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Today's Opinions

  • Holmes makes Kentucky, and Campbellsville, very proud

     

    In a week where many Kentucky fans were disappointed to see their basketball Wildcats fall in the Final Four of the NCAA Tournament, another Wildcat continued to make the state, and especially his hometown of Campbellsville, quite proud.

     On Sunday, J.B. Holmes wrapped up another tournament title on the PGA TOUR, winning the Shell Houston Open.

  • Taking money off Mother Nature's 'plate'

     

    Nature lovers believing they are helping to preserve some of Kentucky's greatest treasures, its lands, forests and streams, just got a rude surprise about the special "nature" state license plate they purchase.

    Proceeds from the $10 extra they pay for the plate, which is supposed to go to the Kentucky Heritage Land Conservation Fund, instead are being siphoned off for the ever-insufficient state General Fund and used for other purposes, The Courier-Journal's Tom Loftus reported recently.

  • Grimes should admit she voted for Obama

     It’s kind of like Alison Lundergan Grimes has one-upped St. Peter. The Democratic challenger to U.S. Sen. Mitch McConnell has been excoriated in the usually friendly urban media for denying Barack Obama four times before the cock crowed. Or at least before the Courier-Journal went to press.

  • Continue the fight against breast cancer

    Your bra is not giving you breast cancer.

    Your deodorant is not giving you breast cancer.

    Coffee is not giving you breast cancer.

    Mammograms are not giving you breast cancer.

    In a large percentage of cases, your genes aren't even giving you breast cancer.

    As with anything that escalates to the level of attention breast cancer has received, there are several myths about the disease. There are posts all over social media and even reports on mainstream media that do nothing but incite fear over incorrect information.

  • A week to celebrate newspapers

    It's a week to celebrate in the newspaper industry. Oct. 5-11 is recognized as National Newspaper Week, and as times are changing in our business in many ways, we continue to approach our work with pride in the product we present to you.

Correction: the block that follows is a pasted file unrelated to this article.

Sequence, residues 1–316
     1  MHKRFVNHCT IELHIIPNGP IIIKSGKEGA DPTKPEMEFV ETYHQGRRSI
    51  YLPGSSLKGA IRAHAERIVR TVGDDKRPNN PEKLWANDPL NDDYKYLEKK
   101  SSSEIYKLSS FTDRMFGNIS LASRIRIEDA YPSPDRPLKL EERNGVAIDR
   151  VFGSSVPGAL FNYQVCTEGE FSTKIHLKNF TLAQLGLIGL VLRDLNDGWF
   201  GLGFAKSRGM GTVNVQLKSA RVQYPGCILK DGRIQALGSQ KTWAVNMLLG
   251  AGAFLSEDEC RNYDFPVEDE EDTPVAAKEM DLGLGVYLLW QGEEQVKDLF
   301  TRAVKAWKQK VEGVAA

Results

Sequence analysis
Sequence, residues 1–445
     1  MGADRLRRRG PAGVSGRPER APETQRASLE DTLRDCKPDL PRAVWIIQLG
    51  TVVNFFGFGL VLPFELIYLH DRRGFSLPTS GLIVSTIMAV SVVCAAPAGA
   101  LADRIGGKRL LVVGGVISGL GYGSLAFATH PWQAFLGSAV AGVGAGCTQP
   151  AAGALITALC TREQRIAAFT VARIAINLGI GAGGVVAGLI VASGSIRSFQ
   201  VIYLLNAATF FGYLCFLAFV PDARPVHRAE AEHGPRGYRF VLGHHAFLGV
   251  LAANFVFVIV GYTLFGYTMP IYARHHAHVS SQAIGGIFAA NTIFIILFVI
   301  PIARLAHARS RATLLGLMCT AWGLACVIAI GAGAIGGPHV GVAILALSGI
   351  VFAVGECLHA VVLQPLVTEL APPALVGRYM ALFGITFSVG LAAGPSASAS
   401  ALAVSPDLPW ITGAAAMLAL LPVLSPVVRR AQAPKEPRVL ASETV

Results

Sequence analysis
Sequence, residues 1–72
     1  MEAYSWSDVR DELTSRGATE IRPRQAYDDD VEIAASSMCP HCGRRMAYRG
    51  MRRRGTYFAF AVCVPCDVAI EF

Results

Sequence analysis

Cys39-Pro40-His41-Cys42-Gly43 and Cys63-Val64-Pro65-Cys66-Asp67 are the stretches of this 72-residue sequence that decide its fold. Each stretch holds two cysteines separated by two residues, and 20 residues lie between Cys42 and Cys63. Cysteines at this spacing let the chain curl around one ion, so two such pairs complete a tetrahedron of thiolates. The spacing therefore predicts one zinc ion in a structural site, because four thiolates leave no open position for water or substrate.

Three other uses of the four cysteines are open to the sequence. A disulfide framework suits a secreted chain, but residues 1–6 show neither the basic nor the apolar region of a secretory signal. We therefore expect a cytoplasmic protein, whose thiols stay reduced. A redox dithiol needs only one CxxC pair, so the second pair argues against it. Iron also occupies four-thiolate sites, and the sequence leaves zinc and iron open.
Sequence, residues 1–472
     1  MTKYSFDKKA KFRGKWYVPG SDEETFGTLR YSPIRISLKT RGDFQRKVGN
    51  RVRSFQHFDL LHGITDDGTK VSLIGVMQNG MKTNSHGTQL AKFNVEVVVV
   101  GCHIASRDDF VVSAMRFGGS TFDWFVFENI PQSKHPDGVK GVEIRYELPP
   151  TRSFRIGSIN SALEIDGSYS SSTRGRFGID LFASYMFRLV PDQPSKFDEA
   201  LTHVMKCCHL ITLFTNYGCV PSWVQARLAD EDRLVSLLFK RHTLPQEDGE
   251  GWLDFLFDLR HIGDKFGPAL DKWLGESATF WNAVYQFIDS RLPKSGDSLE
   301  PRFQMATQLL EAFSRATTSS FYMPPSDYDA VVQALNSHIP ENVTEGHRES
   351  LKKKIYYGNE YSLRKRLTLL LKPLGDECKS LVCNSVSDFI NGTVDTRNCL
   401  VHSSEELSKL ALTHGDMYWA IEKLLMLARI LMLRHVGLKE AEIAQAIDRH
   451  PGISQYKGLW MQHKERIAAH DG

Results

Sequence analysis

Today, many people look at the newspaper industry, and the first thing that comes to mind is, "Newspapers are a thing of the past."

  • Government should stay out of tobacco work age issue

    Since the beginning of recorded and unrecorded history - before the days of Rights to Life or Pro-Choice, Papal declarations, even contraceptives - human beings have been reproducing. It's just in our hard wiring and the only way any and all of us are here today.

    In addition to the joy of embracing little bundles of joy, one pragmatic benefit for our forefathers and foremothers was, in effect, "creating" their own work force which was essential to farm life since there wasn't another pool from which help could be hired such as we have today.

  • Saying goodbye to a hero

    Even after he took his last breath, Tony Grider was never alone.

    Firefighters stood by Grider's side until he was put to rest yesterday afternoon, and they did so every minute after he was injured on Aug. 21.

    Saying goodbye to someone is never easy, and we know the past two days have been especially hard for Grider's family and all the brothers and sisters he served with at fire and EMS.

  • Campbellsville doesn't need yard sale ordinance

    Should Campbellsville residents be limited when it comes to having yard sales? We don't think so.

    While the Campbellsville City Council has been discussing the issue, we can't help but wonder where the real problem lies.

    Council members have discussed potential traffic problems, but it seems having police officers ticket those who create the traffic problem would be a better alternative than patrolling yard sales and possibly citing someone over a permit.